The world is changing, of that there is little doubt, dependent on your politics, some would say it’s for the better, others for the worse. In the last few weeks though there have been a number of things that have made me worry about both the state of the world, and whether we, as a people are caring less about the environment and the people in it.
The first thing that gave me pause for thoughts was the fact that Earth Overshoot Day, the date when humanity’s annual demand on nature and the planet exceeds what the Earth can regenerate over the entire year, was announced. This year Earth Overshoot Day fell on August 2, the earliest date yet. The practical costs of this global ecological overspending include deforestation, drought, fresh-water scarcity, soil erosion, biodiversity loss, as well as the build-up of carbon dioxide in the atmosphere. It seems that as a species we take so much for granted that we are continually, and over a long time are destroying the planet. I think of myself as someone who tries to do the right thing when I can and my own personal Earth Overshoot Day was he 25th May, so that is scary. It shows that we all must do more.
The second thing was the news that Green and Blacks is launching its first UK product without a Fairtrade or organic label later this month. Green & Black’s was the first chocolate in the UK to be awarded the Fairtrade mark back in 1994. Instead of the Fairtrade mark, the brand’s new Velvet Edition dark chocolate bars will display a “Cocoa Life” tag. There will also be no organic label, unlike all other brand variants. The brand does claim that the Cocoa Life programme is run in “partnership” with Fairtrade. Green & Blacks have long been one of the ethical brands who embrace organic and Fairtrade so it seems strange and disappointing to see them moving from that in search of bigger profits.
They aren’t the only company looking at abandoning Fairtrade marking, both Sainsbury’s and Tesco are looking at abandoning the marking, in exchange to other less known ethical certification, I guess the problem for me is I don’t know these certifications as well and that may well be a failing of mine.
The third are the horrific events in Charlottesville in the US which have left 1 dead and many injured. Whatever your politics we have to make a stand against these people, the white supremacists who think it is OK to walk through a city brandishing torches and shouting Nazi slogans must be told that it is unacceptable in every way. I was pleased to see many local businesses standing up to the far right protesters.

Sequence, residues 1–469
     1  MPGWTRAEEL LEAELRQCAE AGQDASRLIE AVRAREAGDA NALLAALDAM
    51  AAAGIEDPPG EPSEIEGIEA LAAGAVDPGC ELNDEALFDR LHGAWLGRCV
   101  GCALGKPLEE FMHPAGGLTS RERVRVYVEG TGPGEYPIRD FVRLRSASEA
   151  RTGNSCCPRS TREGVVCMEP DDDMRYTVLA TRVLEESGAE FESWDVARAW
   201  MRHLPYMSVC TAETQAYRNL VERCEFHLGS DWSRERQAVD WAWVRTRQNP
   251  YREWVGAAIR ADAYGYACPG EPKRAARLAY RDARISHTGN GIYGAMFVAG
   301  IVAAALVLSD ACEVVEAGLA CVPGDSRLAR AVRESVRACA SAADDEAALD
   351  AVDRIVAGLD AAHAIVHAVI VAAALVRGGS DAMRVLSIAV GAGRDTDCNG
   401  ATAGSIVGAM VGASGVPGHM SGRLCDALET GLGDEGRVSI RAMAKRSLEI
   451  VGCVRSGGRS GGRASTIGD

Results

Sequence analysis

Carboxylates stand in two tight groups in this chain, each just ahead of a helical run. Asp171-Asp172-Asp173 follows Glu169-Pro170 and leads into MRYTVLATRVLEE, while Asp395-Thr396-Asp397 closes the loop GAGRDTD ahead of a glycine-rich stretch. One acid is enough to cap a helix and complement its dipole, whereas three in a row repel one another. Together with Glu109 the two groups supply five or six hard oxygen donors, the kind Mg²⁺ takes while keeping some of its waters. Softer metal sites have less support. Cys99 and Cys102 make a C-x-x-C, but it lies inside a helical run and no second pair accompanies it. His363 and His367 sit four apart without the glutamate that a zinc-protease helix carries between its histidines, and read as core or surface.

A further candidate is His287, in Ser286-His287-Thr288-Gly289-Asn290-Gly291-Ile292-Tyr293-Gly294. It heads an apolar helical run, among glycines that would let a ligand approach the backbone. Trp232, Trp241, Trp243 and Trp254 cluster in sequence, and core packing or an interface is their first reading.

I know that none of what I have highlighted specifically proves we are caring less. but with the US looking to support a return to using more fossil fuels in its desire to promote coal over renewables, and pulling out of the Paris Achord, it would seem that in the last few months/years we have stopped caring as much about the environment than we used to. I know that it’s easier to care about the environment when businesses are booming and since the Global Financial crash we never seem to have got that level of optimism back. It is great that companies such as Thai Union are improving their environmental supply chain and methodology, but I feel we need it more than ever now.
To be fair it isn’t all bad news for Fairtrade this week and Co-op has teamed up with the Kumala wine brand to create an entirely new product which meets the strict Fairtrade standards.
Unilever’s report this year showed there was a big upswing on their ethical products so maybe it’s just an overreaction from me and people are seeing the value in ethical products, but the Earth Overshoot day, and my own score specifically was quite a sobering moment.
Ethical Marketing is such an important part of getting the message across that I look forward to seeing how people move forward with the tasks ahead of us.
As always if you agree, or disagree or have something to say please comment below, all opinions on this blog post are those of Stuart Mitchell and not necessarily Ethical Marketing News.